Spelunking for Drugs

Cave exploration could help fight a major medical problem.

"Pearlisan Gulf"
The Pearlisan Gulf, a lake located in Lechuguilla Cave, in New Mexico.

Photo by Max Wisshak (www.speleo-foto.de)

Inaccessible to normal modes of transport and the global view of human technology, there are few places on Earth of which we remain oblivious—perhaps the deep ocean, or the remote, ice-capped mountains of Central Asia? In most cases, access to these areas is a tremendous logistical challenge, requiring the support of governments or a generous donor. But there is one realm in exploration that remains open to the weekend warrior, that needs little more than a helmet, a light, and a willingness to endure a little risk: caves. And as I have learned, the rewards of cave exploration go far beyond the personal adrenaline rush. The depths of the Earth are rich in amazing materials that may help us solve one of the most pressing concerns in medicine today.  

Carved by chemistry and the action of water on rock, caves form over geologic time scales of millennia to eons. Underground, hidden from the vision of satellites and inaccessible to GPS signals, the only way to find a cave and map it, is to explore it. And explore caves, we do. While modern technologies cannot let us see inside caves, they can help us detect that enormous sinkhole in the middle of China, or a massive river suddenly disappearing into a Laos mountain, or telltale geologic scars across the surface of a tepui mountain in Venezuela. We are in the middle of a golden age of cave exploration, as expeditions uncover the largest, longest, and deepest caves on Earth hidden, for the most part, from the public eye.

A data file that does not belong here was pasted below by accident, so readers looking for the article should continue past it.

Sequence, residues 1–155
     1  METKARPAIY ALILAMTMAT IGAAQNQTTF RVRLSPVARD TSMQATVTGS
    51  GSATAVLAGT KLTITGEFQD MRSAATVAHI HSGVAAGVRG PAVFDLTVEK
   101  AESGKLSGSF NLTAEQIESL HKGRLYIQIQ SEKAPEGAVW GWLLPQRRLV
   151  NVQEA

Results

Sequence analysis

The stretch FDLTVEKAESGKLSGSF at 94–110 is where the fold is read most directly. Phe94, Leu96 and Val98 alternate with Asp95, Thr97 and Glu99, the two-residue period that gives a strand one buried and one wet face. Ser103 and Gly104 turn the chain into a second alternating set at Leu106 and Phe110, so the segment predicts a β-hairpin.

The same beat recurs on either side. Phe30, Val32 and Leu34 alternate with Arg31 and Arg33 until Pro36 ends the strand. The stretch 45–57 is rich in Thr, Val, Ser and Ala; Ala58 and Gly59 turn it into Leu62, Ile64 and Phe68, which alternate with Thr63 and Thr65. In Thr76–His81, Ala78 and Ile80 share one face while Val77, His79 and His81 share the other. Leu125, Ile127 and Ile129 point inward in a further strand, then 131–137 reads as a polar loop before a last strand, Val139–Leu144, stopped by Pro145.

The recently discovered Son Doong Cave in Vietnam has a passageway that barrels straight into a mountainside for a whopping five miles, with dimensions that could comfortably fit a 747 in flight. Sarawak Chamber in Gua Nasib Bagus Cave, Borneo, could accommodate the Superdome, its 72,000 visitors, and if parked New York garage-style, most of their cars. I myself was involved in the discovery of the massive Cloud Ladder Hall in China; the 16-acre room named because its enormous, 1,200-foot-high ceiling is large enough to accommodate its own cloud system. We continue to find new parts of the longest caves in the world, Mammoth Cave, Ky. (400 miles long); Jewel (168 miles) and Wind Caves, S.D.; and Lechuguilla Cave, N.M. (138 miles). An additional three miles have been found in Lechuguilla (or Lech to its explorers) this year alone. Yet these long caves are rapidly being matched by new discoveries, such as the 193-mile Nohoch Nah Chich (The Birdcage) Cave in the Yucatan Peninsula, Mexico, which is mostly underwater and has been explored through hundreds of cave dives.

I have been exploring caves for more than 20 years. In that time I’ve gotten hurt. I’ve gotten scarred. I’ve lost friends. In these years of exploration, I’ve also learned what things look like when they’re average and when they are different. And as a professor of microbiology, those differences cause me to stop, think, and sometimes sample. Based on that sampling and the subsequent research, those differences, imperceptible to someone not familiar with this dark world, turn out to be as exciting as the exploration itself.

Hazel Barton, Land of the Lost
Hazel Barton admiring aragonite bushes and trees in an area called Land of the Lost.

Photo by Max Wisshak (www.speleo-foto.de)

Antibiotics are chemical keys—constructed to mimic cellular patterns to block, bind, and even collapse critical structures within the microbial cell. They are also remarkably specific, able to find and kill one bacterial cell in a sea of human cells, a magic bullet. Chemically, antibiotics are much more complex than anti-cancer or anti-viral drugs. Their complex structural nature and high specificity make them almost impossible for chemists to build from scratch or even synthesize. We therefore rely on nature to design these molecules for us, and the majority of antibiotics come from other microbes.